The European Union is slowly turning into something resembling the United States and that has many people, myself included, becoming terrified at the idea that the cultures and traditions from the olden days are going to disappear. Hyperbole aside, the Euro is the best thing to happen to this continent since the Romans built roads. Having one currency that can be used across a large number of countries makes trading goods incredibly simple. There’s a small problem though. Say you’re Spanish and you want to cross the border into Portugal. It’s only a short train ride away, and some people can even make the journey via their car, but once you get to your destination you immediately get slammed with roaming fees. Spain and Portugal have had enough and they’re now trying to eliminate the useless charges operators are forcing on people who go back and forth between those two nations.
José Sócrates, the Portuguese prime minister, and José Luis Rodríguez Zapatero, the Spanish prime minister, will be meeting next month to try and make this dream into reality. The European Commission has also been trying to get roaming charges to either be eliminated or dropped to as close to free as possible between all EU countries so that the economic powerhouse can act as a single market. We’ve seen this sort of talk before with a proposal that all EU countries free up the digital dividend band (800 MHz) by the start of 2013 so that a continental wide high speed wireless network can be built and used by all Europeans.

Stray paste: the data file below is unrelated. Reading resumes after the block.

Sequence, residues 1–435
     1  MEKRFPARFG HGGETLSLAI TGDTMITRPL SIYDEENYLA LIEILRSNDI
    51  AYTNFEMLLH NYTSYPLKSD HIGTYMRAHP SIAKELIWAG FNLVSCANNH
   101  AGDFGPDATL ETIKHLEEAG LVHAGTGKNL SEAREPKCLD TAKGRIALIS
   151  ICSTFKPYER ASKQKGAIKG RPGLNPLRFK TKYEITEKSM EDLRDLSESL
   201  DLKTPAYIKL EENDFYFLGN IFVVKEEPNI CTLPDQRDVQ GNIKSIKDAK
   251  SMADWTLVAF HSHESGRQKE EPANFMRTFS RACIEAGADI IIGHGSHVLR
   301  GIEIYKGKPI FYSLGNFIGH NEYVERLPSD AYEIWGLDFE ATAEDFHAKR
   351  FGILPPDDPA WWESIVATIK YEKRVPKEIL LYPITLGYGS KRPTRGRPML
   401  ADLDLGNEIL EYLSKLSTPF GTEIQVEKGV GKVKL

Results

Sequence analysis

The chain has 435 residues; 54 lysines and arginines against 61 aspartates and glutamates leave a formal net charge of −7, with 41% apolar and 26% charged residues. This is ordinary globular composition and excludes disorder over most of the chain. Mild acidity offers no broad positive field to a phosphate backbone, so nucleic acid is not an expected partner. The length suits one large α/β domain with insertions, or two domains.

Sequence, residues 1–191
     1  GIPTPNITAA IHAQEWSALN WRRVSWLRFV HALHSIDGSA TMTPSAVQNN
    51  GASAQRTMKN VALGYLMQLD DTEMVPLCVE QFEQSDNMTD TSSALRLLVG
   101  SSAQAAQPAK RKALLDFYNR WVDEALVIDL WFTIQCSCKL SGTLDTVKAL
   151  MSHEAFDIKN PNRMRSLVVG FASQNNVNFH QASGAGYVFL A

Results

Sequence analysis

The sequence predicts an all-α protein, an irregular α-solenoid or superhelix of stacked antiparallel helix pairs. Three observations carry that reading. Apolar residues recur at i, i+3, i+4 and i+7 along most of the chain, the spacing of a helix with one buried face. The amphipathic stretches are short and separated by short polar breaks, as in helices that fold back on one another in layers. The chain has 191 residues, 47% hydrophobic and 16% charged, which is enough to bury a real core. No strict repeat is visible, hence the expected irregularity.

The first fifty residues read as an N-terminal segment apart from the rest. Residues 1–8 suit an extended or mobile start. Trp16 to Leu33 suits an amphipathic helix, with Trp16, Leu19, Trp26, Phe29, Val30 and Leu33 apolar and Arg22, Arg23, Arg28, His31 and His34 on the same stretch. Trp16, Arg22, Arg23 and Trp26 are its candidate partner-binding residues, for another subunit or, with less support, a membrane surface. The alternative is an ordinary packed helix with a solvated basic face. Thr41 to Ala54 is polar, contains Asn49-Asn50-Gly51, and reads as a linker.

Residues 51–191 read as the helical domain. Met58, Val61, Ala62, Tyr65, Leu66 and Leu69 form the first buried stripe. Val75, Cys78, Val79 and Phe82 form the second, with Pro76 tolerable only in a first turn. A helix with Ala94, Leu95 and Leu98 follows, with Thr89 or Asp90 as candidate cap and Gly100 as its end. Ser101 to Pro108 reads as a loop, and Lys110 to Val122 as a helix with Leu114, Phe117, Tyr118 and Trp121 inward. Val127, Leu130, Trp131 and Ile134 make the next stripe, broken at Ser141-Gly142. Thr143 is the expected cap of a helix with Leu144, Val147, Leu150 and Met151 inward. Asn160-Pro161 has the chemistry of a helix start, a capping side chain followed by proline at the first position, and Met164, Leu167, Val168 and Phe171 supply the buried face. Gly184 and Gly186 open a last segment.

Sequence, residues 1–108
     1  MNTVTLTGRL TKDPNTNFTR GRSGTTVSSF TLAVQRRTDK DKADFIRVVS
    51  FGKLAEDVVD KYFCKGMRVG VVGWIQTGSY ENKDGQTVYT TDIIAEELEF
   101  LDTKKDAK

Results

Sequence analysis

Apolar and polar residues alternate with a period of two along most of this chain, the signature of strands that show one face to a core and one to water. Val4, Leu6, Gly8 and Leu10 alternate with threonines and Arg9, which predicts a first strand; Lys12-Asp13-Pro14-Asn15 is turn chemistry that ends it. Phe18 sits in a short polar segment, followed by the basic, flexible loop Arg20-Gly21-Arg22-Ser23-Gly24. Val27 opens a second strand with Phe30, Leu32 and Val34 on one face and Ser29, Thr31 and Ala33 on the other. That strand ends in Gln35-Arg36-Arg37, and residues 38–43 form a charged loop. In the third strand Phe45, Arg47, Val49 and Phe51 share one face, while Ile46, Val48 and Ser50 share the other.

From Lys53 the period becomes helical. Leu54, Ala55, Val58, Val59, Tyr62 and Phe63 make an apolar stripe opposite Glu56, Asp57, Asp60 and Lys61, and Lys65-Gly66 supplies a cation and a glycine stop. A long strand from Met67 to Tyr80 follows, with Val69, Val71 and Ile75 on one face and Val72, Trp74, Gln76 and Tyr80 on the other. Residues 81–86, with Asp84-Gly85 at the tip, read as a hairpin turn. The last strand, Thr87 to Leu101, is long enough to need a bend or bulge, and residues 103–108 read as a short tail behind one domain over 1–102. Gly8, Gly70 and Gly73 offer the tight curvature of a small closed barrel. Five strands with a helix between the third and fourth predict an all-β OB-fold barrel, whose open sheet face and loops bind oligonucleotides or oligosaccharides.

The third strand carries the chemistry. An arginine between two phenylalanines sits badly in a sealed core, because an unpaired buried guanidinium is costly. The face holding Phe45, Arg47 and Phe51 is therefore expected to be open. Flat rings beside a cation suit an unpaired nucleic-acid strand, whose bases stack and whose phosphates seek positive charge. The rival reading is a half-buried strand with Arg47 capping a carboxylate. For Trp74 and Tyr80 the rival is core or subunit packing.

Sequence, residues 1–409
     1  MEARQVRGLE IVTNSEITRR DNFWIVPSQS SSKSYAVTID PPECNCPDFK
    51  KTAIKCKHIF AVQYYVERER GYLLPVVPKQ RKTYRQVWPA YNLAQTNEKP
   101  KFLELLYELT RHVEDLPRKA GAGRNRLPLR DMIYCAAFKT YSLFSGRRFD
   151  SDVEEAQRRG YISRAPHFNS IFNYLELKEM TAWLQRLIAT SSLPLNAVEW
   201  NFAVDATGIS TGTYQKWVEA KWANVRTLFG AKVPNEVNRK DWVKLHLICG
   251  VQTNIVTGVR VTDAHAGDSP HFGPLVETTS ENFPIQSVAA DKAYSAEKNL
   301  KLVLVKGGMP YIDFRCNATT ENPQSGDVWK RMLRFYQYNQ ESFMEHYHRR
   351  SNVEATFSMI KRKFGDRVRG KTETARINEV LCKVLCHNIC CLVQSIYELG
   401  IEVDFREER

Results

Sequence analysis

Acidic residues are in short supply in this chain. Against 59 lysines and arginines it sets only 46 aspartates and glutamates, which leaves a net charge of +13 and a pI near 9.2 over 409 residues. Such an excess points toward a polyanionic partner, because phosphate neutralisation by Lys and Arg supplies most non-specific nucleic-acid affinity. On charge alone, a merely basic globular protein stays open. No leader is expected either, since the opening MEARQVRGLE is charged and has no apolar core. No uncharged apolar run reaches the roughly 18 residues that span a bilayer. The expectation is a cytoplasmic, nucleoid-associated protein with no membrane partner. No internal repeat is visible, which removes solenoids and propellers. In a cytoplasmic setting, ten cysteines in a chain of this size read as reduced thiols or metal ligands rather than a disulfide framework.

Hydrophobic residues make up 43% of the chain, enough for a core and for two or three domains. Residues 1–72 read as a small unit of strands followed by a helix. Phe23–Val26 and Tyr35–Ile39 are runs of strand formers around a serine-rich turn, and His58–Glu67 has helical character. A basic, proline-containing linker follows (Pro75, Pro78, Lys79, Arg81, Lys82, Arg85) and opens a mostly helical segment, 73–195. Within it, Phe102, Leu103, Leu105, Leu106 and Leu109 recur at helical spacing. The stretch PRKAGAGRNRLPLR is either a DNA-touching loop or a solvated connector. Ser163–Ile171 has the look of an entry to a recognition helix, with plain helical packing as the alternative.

Whether or not this happens, it’s why many people carry a bunch of SIM cards and the rise of the dual SIM handset is taking place. Now that traveling across the EU presents little to no friction, today’s young people don’t really care about borders. Here’s hoping mobile operators will soon sing the same tune.
[Via: The New York Times]